Laramie River Station employee to run Marine Corps Marathon, raise money for Semper Fi Fund

Jamie Schindler, Laramie River Station control room operator, will run in the 40th Marine Corps Marathon this weekend. To gain entry into the popular marathon, he chose to raise money for the Semper Fi Fund.

Jamie Schindler, Laramie River Station control room operator, will run in the 40th Marine Corps Marathon this weekend. To gain entry into the popular marathon, he chose to raise money for the Semper Fi Fund.

Visitors to the nation’s Capital log many miles on foot while sightseeing throughout the city. Jamie Schindler, control room operator at Laramie River Station, plans to log at least 26.2 miles in Washington, D.C., during the span of a just few hours.

On Oct. 25 he’ll run in the 40th Marine Corps Marathon, which will take him past many of the sites people strive to see in Washington, D.C.

“The course will be amazing because it winds by some of the most scenic national monuments and memorials in our nation’s Capital,” Schindler says.

The Marine Corps Marathon honors the dedication, sportsmanship and patriotism of the participants. It’s the largest marathon in the world that doesn’t offer prize money, earning its nickname, “The People’s Marathon.”

While the marathon itself doesn’t benefit the military, Schindler is running to support the Semper Fi Fund, a non-profit that assists all post-9/11 U.S. Armed Forces who are wounded, injured or critically ill.

The Marine Corps Marathon is so popular that participants are selected through a lottery system. Schindler’s wife, who was the impetus for Schindler’s participation in this marathon, was selected in the lottery. But he wasn’t. In order to run, he had to support a charity to gain entrance.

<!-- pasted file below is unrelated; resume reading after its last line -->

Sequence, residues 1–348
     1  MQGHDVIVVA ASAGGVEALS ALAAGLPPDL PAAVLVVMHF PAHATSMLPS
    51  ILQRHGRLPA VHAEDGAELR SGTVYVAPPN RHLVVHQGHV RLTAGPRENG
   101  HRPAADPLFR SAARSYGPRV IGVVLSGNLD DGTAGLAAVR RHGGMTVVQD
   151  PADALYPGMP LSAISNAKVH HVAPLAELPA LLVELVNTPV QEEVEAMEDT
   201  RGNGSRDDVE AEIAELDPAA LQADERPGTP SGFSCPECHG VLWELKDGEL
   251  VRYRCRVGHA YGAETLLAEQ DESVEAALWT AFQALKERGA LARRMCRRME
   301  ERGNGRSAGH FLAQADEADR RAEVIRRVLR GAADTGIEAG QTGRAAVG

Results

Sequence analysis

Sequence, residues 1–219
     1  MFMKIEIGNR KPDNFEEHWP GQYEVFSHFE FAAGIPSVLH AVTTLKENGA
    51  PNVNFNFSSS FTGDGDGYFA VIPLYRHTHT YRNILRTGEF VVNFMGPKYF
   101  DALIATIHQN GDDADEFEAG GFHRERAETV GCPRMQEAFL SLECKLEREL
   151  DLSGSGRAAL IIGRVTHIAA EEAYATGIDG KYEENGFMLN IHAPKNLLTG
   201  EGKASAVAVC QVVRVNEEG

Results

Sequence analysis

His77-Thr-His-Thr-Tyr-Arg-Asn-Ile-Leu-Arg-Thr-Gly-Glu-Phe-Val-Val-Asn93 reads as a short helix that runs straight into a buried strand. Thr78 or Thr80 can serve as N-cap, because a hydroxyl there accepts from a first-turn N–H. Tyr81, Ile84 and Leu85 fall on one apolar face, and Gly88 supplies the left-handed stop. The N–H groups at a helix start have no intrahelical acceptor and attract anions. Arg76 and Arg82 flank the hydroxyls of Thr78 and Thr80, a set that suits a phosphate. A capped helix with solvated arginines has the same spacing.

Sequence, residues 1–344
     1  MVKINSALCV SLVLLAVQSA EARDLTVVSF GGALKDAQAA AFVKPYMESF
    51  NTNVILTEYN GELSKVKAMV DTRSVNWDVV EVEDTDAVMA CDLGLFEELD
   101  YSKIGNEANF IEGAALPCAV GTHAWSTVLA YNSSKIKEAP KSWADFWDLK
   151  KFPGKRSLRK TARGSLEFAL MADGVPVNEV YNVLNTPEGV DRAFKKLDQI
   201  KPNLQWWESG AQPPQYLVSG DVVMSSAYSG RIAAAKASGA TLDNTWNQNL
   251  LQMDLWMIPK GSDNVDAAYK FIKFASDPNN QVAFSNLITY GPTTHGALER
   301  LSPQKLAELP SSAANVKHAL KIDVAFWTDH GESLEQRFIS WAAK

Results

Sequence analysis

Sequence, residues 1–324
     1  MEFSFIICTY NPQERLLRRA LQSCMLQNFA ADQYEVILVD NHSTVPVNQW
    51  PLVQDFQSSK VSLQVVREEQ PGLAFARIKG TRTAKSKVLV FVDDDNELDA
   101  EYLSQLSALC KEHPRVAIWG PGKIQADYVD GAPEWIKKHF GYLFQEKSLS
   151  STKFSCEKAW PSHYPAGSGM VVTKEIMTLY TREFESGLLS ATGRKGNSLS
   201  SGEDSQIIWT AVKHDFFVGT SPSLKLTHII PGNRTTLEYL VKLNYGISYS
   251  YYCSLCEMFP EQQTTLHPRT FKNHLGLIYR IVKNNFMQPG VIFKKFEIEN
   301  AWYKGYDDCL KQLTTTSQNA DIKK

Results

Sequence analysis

From a list of 40 charities, Schindler selected The Semper Fi Fund because he was impressed with everything the non-profit does for wounded military men and women.

“Contrary to what the name implies, they provide assistance to veterans from any branch of the armed services, not only Marines,” Schindler says. “They’re a top-rated charity due to their low overhead (just six percent) and their rapid response for assistance with no red tape.”

Schindler had to pay his race registration fee on top of his required minimum fundraising goal, which was $500. He chose to pay the $500 himself, but then decided to ask friends and family to raise as much money possible for this worthy charity.

In a short while, he raised $1,600.

If you’d like to help Schindler raise money for the Semper Fi Fund, go to his fundraising page: https://runsignup.com/Race/14046/Donate/vqx61TuJtS1CHuIB

Two things excite Schindler the most about the Marine Corps Marathon, his first marathon: the patriotic aspect of it and the location of the course.

“I have no doubt it will be a truly patriotic and emotional experience, from the first mile to the last, where we start and finish the race at the Marine Corps War Memorial (Iwo Jima Memorial),” Schindler says.

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